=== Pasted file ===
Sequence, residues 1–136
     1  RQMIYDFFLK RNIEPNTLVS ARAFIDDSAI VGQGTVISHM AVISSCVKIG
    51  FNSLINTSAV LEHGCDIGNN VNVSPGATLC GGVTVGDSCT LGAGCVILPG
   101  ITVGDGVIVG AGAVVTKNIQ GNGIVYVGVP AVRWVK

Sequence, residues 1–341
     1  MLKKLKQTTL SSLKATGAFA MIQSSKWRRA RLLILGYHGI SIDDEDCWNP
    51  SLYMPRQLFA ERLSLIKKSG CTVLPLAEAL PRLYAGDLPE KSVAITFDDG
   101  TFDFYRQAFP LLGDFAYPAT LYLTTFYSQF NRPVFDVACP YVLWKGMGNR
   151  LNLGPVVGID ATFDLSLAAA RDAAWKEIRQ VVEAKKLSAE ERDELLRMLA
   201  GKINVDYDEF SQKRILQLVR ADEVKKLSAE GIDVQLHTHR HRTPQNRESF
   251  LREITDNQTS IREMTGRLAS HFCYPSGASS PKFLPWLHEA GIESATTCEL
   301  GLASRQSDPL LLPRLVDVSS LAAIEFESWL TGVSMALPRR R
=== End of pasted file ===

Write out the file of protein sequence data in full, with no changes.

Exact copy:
Sequence, residues 1–136
     1  RQMIYDFFLK RNIEPNTLVS ARAFIDDSAI VGQGTVISHM AVISSCVKIG
    51  FNSLINTSAV LEHGCDIGNN VNVSPGATLC GGVTVGDSCT LGAGCVILPG
   101  ITVGDGVIVG AGAVVTKNIQ GNGIVYVGVP AVRWVK

Sequence, residues 1–341
     1  MLKKLKQTTL SSLKATGAFA MIQSSKWRRA RLLILGYHGI SIDDEDCWNP
    51  SLYMPRQLFA ERLSLIKKSG CTVLPLAEAL PRLYAGDLPE KSVAITFDDG
   101  TFDFYRQAFP LLGDFAYPAT LYLTTFYSQF NRPVFDVACP YVLWKGMGNR
   151  LNLGPVVGID ATFDLSLAAA RDAAWKEIRQ VVEAKKLSAE ERDELLRMLA
   201  GKINVDYDEF SQKRILQLVR ADEVKKLSAE GIDVQLHTHR HRTPQNRESF
   251  LREITDNQTS IREMTGRLAS HFCYPSGASS PKFLPWLHEA GIESATTCEL
   301  GLASRQSDPL LLPRLVDVSS LAAIEFESWL TGVSMALPRR R